Next week’s Monday night showdown against the Cowboys in Texas Stadium will obviously be a lot more telling about how much the Birds really have improved since last season. Of course, we did beat the Cowboys in our last meeting there, and there are no major holes that I can feasibly identify in the Eagles’ play thus far, so I’m thinking positively. I’ll even go so far as to say that I could potentially handle a loss to the ‘Girls, so long as McNabb and the O remain potent and the defense gets pressure on Romo. But I think we’ve got a fantastic shot next week so I’ll be eagerly counting down to MNF for the next 7 days.
This and that…
Back to the Cowboys- truthfully, although I was really hoping for a total Cowboys suck-fest yesterday against the Browns, they looked excellent to kick-off their season, and I think they will definitely (though unsurprisingly) be the team to beat in the NFC. The o-line was strong, the defense was solid, and Romo has 3 excellent receiving options in TO, Witten and Crayton. On the other hand, the Browns looked pretty terrible so as with the Eagles-Rams game, it’s difficult to tell how much of the win was on the Cowboys’ own merits versus how much of it was the Browns sucking. Next week will be a very important game for both Philly and Dallas.
I used to be a fan of Brett Favre, but after his predictably short-lived retirement, I’m getting a little bored of him. The veteran’s leadership of a squad of young but talented players was a feel-good story last year, but this year, the media’s ongoing felatio of Favre is just played out. While Favre and the gang masterminded a 6-point victory over the colossally craptacular Miami Dolphins, I was unimpressed with the geriatric QB in what I saw of the game. The commentators gigglishly fawned over him in the 2nd quarter on 4th and 13 when he chucked a “pass” into the air in a seizure-like motion in the general direction of the end zone that, by some miracle of God, WR Chansi Stuckey came down with in the end zone. It also didn’t hurt that any Dolphins defensive back within a 10-yard radius of Stuckey appeared to be filing his nails or generally running in the opposite direction of the ball. “Favre doing what Favre does best,” they feverishly gushed on TV. I can’t argue there; there’s nothing Favre does better, or at least with more frequency, than blindly heave passes in the air. I’m calling it now… 20+ interceptions for Favre this season.
I can’t skip over the opportunity to comment on the Ocho Cinco situation. Last spring, I was eager about the possibility of acquiring the receiver formerly known as Chad Johnson in a trade. I’ve always believed that he’s a less destructive version of TO; I enjoyed his river-dance and I figured he was goofy but harmless. Now I wonder. It’s not that the act of changing one’s name is such a big deal (albeit to something as stupid as Ocho Cinco, which isn’t even Spanish for eighty-five but rather for eight five, though I’ll concede that it’s catchier than Chad Ochenta y Cinco). It’s more the idea of, what idiot actually takes the time out his life to run to court to get it legally changed? Even king of the dumbasses himself, Terrell Owens spends less time than that thinking up lame touchdown celebration dances. Chad just took it too far. Jokingly pasting “Ocho Cinco” onto his jersey was funny. Legally changing his name to Chad Ocho Cinco is disconcerting. I’m now one of the growing mass of people who no longer cares who he gets traded to, so long as it’s a team that already has a #85, preferably one who refuses to switch jersey numbers. Oh, and I hope he doesn’t have any touchdown dances planned out just yet considering Carson Palmer couldn’t find the end zone if he river-danced into it. It looks to be a bad year for the Bengals.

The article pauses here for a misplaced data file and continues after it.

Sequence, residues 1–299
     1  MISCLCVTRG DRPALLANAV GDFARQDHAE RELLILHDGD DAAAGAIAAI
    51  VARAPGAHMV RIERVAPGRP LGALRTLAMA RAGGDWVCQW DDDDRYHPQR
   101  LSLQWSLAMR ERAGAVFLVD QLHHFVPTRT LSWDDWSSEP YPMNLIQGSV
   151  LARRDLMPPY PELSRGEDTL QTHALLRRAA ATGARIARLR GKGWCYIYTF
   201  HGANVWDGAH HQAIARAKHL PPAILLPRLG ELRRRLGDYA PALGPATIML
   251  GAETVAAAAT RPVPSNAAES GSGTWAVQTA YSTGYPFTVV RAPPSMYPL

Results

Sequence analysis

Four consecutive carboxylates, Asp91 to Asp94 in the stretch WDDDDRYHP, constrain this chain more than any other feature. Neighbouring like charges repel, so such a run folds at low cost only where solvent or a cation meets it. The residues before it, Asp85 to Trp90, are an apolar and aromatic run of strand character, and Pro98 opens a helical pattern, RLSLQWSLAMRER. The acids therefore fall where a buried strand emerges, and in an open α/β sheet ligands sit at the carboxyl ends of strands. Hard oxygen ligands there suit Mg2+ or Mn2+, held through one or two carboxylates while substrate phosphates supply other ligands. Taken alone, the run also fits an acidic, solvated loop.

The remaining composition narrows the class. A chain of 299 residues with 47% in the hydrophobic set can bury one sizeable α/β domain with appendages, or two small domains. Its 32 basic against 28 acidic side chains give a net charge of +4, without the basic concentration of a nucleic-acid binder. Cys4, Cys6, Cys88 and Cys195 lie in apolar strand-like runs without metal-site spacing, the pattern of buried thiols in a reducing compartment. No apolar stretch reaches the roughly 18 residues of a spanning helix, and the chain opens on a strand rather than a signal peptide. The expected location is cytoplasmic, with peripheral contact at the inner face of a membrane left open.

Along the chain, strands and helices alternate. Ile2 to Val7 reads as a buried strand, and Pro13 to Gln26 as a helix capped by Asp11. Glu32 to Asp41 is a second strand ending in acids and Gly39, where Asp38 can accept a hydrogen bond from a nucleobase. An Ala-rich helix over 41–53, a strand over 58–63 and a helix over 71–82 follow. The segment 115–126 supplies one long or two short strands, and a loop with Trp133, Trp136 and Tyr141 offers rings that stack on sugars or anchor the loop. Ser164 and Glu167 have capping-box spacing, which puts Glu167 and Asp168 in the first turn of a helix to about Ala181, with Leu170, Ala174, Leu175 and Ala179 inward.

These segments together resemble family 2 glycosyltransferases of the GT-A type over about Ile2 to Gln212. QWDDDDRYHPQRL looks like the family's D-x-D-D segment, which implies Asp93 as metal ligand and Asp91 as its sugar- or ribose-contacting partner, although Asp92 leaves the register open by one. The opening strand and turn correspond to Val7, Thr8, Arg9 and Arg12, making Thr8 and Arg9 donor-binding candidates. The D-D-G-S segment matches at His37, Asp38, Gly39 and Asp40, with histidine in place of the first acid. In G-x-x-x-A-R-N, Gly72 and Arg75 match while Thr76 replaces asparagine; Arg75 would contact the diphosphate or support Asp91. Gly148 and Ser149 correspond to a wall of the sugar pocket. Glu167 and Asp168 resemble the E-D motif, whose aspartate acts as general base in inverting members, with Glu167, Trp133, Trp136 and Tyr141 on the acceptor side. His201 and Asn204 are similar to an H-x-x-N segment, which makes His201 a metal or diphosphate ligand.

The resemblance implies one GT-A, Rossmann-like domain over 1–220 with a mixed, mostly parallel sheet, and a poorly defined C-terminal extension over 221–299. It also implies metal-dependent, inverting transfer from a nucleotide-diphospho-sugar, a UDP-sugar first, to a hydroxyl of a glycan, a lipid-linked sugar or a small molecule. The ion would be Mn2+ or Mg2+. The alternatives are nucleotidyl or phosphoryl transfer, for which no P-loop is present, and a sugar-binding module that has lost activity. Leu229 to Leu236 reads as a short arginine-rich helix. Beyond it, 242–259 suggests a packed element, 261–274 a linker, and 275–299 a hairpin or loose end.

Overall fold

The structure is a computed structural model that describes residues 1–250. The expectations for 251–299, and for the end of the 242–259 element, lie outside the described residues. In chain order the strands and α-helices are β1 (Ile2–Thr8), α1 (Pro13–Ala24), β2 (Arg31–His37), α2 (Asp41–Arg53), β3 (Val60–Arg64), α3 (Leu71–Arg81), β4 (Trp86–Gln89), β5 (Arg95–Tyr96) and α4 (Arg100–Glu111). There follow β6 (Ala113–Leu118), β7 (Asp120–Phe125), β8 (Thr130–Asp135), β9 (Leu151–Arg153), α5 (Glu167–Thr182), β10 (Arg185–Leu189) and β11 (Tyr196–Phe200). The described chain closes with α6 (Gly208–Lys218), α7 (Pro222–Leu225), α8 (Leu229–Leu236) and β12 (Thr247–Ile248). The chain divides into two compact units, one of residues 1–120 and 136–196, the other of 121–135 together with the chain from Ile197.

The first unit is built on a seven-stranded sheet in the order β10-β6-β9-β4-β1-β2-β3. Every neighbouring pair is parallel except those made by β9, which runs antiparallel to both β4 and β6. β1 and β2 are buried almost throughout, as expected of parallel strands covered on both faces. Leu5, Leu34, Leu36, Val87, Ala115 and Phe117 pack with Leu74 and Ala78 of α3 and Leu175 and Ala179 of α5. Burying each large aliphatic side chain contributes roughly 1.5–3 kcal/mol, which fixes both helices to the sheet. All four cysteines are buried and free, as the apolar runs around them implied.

Monday, August 25, 2008
My second thought was that Strahan might come back. But I was not the only one thinking this. ESPN, smelling a story, included in its article about Umenyiora's injury a discussion between Coughlin and Strahan, though Coughlin said his conversation with Strahan was only about his new network job. But while watching Sportscenter this morning, there was a new story about Michael Strahan claiming that Strahan would consider coming back to the Giants. The article basically says that Strahan would be willing to come back for $8 million and Co-owner Steve Tisch said he would absolutely consider bringing back Strahan and Tom Coughlin said they were considering all options. Matt Mosley discussed whether Strahan would consider coming back. In his article Mosley states that Strahan, in his previous statements, has not sounded like a man having second thoughts about retirement. Mosley also stated that the Giants asking Strahan to play would force him to change his legacy of going out after winning a Super Bowl. Mosley also added that asking him to come back would put Strahan in an uncomfortable position as some fans would see him as disloyal if he didn't come back after being offered $8 million and if he does come back he could affect his legacy. However, Mosley finished by saying the Giants should do it because the situation "is not any worse then the one the Giants are in now."